Another teacher, a head of maths at a secondary school, said: ‘I have just passed the salary of a friend who left university in 1990 and went into industry.’

There was some discussion suggesting that the current government’s ruling that schools no longer had to follow national pay scales for teachers presented an opportunity for management teams to reconsider their recruitment strategies, and whether they should pay good maths and science teachers more.

A teacher said that schools would be limited in their room for manoeuvre, however, as they could generally only get more money by expanding pupil numbers. If the budget remained static, heads could only pay for priority staff by cutting spending elsewhere, typically on salaries. The teacher said: ‘You either have to increase your numbers or cut the amount you pay your teaching workforce in certain areas in order to pay certain people more.’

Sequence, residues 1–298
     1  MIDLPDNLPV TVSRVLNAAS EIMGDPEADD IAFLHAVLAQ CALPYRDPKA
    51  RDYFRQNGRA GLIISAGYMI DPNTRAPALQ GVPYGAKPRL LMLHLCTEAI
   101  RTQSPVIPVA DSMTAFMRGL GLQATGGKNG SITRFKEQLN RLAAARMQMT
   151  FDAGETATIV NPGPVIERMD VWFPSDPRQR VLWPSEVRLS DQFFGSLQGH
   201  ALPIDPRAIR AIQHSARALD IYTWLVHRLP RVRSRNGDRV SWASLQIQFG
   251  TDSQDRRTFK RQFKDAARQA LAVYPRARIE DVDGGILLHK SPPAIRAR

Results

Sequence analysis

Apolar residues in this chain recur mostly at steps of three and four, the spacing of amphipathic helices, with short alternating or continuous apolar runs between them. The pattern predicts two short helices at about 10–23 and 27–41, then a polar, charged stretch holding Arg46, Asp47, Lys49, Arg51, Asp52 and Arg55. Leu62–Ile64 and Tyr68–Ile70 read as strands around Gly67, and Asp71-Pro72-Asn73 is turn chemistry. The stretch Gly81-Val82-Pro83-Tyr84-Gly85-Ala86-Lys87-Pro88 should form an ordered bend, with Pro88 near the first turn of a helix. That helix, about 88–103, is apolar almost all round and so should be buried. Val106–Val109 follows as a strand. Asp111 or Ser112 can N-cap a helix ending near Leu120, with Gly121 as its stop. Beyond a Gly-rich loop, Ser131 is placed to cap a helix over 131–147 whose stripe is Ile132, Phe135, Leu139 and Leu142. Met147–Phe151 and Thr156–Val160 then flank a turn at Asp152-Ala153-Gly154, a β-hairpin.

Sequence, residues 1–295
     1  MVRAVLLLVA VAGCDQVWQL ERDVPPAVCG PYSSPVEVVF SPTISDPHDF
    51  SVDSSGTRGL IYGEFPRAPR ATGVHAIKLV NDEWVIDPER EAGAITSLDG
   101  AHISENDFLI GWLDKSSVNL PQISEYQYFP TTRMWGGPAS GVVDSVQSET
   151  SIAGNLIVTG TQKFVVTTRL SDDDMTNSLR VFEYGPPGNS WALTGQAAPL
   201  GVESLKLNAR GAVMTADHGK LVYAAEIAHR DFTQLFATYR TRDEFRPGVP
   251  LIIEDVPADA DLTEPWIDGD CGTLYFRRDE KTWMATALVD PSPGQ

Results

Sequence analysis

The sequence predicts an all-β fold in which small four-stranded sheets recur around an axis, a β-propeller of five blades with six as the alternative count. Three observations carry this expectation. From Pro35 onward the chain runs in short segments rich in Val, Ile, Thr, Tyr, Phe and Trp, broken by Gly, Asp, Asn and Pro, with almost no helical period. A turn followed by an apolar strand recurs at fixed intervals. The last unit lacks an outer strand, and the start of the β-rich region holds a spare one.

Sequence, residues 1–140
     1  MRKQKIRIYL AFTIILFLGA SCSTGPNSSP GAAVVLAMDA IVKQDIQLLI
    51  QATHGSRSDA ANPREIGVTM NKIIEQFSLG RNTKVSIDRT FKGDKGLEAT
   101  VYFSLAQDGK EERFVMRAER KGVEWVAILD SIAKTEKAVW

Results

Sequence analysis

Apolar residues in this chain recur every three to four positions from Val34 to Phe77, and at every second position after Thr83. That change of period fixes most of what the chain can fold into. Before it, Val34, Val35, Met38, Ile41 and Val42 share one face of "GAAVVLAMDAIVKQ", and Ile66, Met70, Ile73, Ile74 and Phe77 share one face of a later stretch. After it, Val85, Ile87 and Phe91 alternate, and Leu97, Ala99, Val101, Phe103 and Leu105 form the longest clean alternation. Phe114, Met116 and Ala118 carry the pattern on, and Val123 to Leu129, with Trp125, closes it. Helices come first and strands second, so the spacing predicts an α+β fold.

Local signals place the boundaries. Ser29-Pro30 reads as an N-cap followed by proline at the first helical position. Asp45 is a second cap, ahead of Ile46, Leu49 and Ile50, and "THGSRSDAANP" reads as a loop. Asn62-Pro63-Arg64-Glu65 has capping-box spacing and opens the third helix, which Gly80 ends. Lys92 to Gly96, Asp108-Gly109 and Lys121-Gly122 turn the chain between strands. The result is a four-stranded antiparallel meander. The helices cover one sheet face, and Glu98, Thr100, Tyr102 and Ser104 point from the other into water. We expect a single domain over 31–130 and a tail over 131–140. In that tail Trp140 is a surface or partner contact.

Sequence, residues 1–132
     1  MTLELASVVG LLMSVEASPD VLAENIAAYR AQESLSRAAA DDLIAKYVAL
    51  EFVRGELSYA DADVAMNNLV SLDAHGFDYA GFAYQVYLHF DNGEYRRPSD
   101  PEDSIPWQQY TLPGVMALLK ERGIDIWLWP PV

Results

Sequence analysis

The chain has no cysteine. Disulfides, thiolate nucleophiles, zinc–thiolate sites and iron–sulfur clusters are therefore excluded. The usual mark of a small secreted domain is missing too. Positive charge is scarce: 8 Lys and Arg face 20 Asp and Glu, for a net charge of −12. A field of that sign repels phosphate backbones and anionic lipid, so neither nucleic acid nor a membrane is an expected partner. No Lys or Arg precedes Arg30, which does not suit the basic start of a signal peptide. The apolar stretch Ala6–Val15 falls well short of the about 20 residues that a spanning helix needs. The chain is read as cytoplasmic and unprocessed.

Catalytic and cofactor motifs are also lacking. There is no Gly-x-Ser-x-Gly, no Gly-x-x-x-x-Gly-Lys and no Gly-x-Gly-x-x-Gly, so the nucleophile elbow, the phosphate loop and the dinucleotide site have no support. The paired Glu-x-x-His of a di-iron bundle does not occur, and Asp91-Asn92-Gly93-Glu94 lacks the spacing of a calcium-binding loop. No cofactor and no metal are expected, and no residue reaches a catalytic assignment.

Teachers’ status

This led naturally into a discussion about status, with the former chemist now working in a primary school saying: ‘I used to do analytic chemistry; it’s not nearly as exciting as working in a school. We have to tell people what a fantastic job this is, working in a school.’

In other words, attracting and keeping people teaching did not entirely come down to salary levels, he suggested.

A head teacher said, however, that the professional would always have an image problem so long as teaching’s core working hours were as they were. She said: ‘As long as teachers are working 40 weeks a year, and people are looking at a 9–4 job for 40 weeks a year – even though we know teachers do not do that, but that’s what the public sees – until we change terms and conditions and teachers are seen to do a professional job, we are going to be fighting this battle for status.’